Goldberg's second screed, "Farewell, Lew Rockwell," seeks to accomplish exactly what its title implies: reading Rockwell and his followers right out of the movement. This time, he goes after his opponents hammer and tongs, borrowing not only the tone but also some of the content of the charges heaped on poor John Ashcroft: not only does carry articles that dare to criticize the pontifications of the Weekly Standard, Bill Buckley, "and other icons of what most people consider mainstream conservatism in America," but they also diss Abraham Lincoln. Why, I doubt that is even legal, anymore – isn't it a hate crime? Worse, some articles are about "how the American military is a hotbed of criminal imperialism and murderous warmongering," and here we get to the real bee in Jonah's bonnet: "Do Rockwellites believe fighting WWII was justified? It's not clear."


But it is perfectly clear to anyone who does even a modest amount of research, as Goldberg surely knows: here is yet another hate crime that Lew Rockwell stands accused of: That any conservative these days could bring himself to question Roosevelt's war – why that's almost as bad as being a "neo-Confederate"! That virtually all conservatives opposed that war at the time is a fact Goldberg would rather not come into contact with. He notes with disdain that's slogan is "the anti-state, anti-war, pro-market news site" – and there is little doubt that it is the antiwar part of the equation that ruffles his feathers. For Goldberg is a hawk of the John McCain variety; indeed, he supported McCain until the bitter end during the GOP primaries.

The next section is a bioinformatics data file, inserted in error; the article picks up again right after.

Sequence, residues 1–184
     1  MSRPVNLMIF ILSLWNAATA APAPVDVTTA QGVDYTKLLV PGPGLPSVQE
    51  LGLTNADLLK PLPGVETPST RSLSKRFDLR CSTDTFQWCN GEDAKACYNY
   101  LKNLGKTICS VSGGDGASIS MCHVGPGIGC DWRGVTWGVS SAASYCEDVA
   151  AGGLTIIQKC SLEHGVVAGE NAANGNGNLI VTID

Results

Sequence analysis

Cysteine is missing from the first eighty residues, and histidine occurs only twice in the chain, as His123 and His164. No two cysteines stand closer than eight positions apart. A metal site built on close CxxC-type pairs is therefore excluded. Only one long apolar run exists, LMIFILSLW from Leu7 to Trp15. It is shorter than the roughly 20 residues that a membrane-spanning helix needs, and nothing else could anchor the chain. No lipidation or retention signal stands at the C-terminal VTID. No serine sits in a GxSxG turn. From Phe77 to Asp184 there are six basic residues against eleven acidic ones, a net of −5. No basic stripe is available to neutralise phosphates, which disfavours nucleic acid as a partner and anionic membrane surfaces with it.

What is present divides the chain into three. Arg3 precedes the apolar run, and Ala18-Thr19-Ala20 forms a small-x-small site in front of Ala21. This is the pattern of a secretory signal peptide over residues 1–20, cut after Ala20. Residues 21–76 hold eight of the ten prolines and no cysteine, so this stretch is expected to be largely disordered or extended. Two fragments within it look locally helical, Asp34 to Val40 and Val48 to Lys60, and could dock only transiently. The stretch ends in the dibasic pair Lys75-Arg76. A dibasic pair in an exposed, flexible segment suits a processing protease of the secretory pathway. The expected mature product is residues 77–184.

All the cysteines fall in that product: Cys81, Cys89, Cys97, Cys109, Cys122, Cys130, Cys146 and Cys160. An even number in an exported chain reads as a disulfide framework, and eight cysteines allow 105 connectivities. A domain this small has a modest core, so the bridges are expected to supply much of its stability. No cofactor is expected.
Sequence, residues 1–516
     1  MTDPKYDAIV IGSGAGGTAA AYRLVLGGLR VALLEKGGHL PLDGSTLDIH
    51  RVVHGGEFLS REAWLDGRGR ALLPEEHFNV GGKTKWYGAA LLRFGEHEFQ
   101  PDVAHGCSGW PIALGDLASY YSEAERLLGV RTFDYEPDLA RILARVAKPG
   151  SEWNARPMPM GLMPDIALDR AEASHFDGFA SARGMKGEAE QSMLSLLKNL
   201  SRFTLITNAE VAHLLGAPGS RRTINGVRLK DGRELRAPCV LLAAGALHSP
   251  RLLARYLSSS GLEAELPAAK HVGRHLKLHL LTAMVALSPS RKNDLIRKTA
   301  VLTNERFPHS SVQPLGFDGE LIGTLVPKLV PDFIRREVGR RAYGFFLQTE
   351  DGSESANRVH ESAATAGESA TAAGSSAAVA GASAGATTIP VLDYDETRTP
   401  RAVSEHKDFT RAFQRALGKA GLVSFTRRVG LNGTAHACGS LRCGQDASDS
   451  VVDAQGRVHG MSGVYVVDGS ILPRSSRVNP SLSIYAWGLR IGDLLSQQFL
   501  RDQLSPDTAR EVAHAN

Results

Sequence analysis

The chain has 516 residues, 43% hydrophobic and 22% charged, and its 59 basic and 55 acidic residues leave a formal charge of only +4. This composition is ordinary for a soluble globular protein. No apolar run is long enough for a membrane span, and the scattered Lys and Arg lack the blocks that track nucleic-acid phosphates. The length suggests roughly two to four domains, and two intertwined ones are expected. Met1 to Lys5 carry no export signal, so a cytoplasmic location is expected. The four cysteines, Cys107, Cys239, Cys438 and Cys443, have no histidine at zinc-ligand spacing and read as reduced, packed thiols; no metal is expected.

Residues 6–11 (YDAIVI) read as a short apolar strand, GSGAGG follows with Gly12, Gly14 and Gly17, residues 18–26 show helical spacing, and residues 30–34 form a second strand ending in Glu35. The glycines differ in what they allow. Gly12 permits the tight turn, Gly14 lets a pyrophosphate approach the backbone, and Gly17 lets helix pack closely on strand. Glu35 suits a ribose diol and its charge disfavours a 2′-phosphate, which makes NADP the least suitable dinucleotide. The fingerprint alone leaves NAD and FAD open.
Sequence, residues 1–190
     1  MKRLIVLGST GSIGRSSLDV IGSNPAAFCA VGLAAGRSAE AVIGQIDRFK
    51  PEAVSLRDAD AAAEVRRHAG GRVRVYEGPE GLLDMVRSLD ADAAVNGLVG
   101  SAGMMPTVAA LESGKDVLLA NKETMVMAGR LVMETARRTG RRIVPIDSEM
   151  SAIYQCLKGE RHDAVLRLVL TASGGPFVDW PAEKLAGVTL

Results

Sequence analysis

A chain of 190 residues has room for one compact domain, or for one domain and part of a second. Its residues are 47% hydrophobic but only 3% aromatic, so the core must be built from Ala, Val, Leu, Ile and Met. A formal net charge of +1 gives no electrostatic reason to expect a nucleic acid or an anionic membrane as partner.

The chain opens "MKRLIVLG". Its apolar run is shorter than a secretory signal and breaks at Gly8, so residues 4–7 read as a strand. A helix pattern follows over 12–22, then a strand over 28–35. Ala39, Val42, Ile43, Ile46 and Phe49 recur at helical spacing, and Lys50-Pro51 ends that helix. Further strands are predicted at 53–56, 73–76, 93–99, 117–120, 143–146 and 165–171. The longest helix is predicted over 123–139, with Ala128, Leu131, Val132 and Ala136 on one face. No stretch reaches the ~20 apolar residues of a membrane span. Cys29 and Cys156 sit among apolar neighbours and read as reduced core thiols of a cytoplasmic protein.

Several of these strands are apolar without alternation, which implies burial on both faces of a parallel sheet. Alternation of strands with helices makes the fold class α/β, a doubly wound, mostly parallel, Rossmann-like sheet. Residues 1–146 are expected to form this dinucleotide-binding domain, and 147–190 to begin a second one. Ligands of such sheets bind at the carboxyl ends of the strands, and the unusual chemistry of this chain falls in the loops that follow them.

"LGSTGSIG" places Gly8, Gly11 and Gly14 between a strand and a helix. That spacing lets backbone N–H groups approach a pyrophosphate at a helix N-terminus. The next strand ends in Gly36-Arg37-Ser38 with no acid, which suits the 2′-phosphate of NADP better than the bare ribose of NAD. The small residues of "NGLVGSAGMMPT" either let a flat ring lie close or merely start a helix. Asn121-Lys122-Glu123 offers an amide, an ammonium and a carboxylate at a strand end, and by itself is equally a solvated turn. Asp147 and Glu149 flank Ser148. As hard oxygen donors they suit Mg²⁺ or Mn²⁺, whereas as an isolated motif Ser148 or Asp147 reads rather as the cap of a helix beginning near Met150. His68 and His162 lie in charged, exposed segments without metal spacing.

But Goldberg's wild-eyed interventionism goes waaaay beyond anything even the belligerent McCain could come up with: in a column for National Review a couple of months ago he even suggested that the US invade Africa so as to "civilize" it. His piece is full of the millenarian arrogance that conservatives usually identify with Marxism: we must "liberate" Africans from their "oppressors" and spread "Americanism" across the dark continent.. We owe it to them, you see:

"I think it's time we revisited the notion of a new kind of Colonialism – though we shouldn't call it that. I don't mean ripping off poor countries. I don't mean setting tribes against one another and paying off corrupt "leaders" to keep down unrest. I mean going in – guns blazing if necessary – for truth and justice. I am quite serious about this. The United States should mount a serious effort to bring civilization (yes, 'Civilization') to those parts of Africa that are in Hobbesian despair. We should enlist any nation, institution, organization – especially multinational corporations and evangelical churches as well as average African citizens – interested in permanently helping Africa join the 21st century."